After learning the tying-in process, we walked down into the South Park section of the ice park to learn how to throw the ice axes, get tied into the ropes, belay and kick into the ice. The process of throwing the ice axes was said to be similar to throwing darts, with more emphasis on the wrist action and keeping the elbows in. The place to aim is the more depressed, indented areas of the ice to get a better hold and prevent large pieces from breaking off. When kicking, it is best to have the toes up and feel some pressure on the shins. Otherwise, a good foot hold is unlikely.
As a drill, we tried to climb with only one ice axe. For some, they even tried climbing without any ice axes. The purpose of this was to realize the importance of foot placement. All people taking this ice climbing course had no prior experience and had some indoor rock climbing gym experience. Everyone was fit enough to do the course.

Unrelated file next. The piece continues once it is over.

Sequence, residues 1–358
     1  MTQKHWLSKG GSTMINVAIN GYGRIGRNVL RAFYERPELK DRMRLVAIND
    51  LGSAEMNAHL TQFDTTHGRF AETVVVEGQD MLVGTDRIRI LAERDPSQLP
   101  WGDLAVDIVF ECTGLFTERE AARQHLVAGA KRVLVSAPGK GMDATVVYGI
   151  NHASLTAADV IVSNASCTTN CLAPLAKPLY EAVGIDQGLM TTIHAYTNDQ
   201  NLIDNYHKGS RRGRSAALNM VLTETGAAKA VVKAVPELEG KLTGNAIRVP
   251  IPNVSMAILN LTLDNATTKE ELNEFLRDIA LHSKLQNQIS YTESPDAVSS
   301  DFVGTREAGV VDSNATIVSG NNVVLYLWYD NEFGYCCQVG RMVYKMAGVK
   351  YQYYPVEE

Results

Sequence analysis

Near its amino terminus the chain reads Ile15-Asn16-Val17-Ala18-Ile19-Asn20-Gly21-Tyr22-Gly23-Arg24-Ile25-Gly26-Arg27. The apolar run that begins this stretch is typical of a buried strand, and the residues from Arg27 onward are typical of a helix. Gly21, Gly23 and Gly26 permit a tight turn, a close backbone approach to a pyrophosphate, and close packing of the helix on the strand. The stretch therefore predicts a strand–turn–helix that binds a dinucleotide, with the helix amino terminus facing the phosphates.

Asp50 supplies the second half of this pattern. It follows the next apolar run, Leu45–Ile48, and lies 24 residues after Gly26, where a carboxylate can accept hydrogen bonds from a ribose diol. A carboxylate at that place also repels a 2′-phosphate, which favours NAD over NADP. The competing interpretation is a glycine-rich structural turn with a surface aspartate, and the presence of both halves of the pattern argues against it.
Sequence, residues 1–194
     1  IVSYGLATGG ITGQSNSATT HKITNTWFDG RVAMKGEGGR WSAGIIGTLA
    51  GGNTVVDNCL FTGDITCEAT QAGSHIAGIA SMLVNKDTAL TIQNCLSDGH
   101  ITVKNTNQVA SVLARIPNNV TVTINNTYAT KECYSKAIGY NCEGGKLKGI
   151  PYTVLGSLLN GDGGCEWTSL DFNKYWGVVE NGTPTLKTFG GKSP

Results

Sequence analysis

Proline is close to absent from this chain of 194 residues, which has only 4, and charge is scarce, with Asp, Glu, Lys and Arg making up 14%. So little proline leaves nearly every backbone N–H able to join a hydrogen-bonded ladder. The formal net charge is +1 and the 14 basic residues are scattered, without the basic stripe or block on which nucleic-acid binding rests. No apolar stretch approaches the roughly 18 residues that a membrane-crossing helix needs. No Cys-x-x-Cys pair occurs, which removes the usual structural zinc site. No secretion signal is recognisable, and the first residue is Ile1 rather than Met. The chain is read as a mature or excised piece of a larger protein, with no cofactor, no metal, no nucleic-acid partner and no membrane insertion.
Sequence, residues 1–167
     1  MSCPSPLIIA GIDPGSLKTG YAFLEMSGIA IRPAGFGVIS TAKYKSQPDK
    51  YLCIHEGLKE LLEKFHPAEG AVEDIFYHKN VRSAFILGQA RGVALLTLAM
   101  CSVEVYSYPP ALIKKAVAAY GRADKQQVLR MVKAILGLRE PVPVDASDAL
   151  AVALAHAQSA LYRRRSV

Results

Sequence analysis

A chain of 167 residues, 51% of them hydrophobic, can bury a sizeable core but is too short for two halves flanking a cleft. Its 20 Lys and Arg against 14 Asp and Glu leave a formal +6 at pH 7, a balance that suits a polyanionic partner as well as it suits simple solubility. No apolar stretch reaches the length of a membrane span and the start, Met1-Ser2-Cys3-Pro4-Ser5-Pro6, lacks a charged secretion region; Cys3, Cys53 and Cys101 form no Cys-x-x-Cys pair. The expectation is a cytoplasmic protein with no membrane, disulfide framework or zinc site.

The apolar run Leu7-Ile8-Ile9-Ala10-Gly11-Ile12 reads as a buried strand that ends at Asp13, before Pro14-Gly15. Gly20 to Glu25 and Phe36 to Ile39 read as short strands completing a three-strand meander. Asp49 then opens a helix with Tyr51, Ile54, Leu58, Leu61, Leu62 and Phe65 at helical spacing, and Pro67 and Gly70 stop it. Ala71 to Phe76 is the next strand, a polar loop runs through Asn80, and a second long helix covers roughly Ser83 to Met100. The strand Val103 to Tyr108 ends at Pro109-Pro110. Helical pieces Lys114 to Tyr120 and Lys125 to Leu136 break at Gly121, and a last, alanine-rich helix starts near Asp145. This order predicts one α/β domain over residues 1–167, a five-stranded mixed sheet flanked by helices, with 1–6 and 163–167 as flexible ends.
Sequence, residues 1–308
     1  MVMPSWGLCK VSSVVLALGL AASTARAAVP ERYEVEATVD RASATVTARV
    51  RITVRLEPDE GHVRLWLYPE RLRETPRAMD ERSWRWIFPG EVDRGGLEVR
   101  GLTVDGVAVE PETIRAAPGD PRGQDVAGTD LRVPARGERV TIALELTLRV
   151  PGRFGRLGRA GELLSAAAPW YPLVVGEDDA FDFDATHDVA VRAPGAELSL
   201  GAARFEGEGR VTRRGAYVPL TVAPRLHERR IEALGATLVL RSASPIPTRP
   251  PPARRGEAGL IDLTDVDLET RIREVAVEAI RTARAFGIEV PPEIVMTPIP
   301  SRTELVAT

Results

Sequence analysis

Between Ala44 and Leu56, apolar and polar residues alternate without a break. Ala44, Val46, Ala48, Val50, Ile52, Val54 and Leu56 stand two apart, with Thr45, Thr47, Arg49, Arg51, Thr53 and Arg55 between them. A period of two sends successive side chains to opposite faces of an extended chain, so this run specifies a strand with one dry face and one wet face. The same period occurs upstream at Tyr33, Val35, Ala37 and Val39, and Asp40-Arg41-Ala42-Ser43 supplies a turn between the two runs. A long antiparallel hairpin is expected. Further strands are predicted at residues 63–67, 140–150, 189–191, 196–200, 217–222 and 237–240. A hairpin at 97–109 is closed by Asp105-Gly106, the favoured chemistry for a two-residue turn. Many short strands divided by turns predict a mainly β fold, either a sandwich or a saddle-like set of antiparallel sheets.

By the end of the first day, everyone had climbed a few ice routes. Everyone also belayed. We all knew the climbing protocol to say when starting and ending climbs. The guides checked everyone's knots and confirmed everything was in order before each person began climbing. We ended at about 3:30PM. At 4:00PM, the park starts dripping water on the routes for the next day. All but two of the routes in the park are man made.
On the second day of the course, everyone again met at 7:30AM at the guide building. This time, as individuals and teams, we were to construct the knots and lay down the ropes for the routes we were to do. We were supervised to confirm everything was in order.
Instead of walking down into the canyon, this time we rappelled down. The guides had a secondary belay set up in the case we were going too fast and needed additional support to prevent falling. We wore our day backpacks when rappelling down, it was important these had nothing hanging off of them otherwise there was the potential for something loose to get stuck in the ATC device.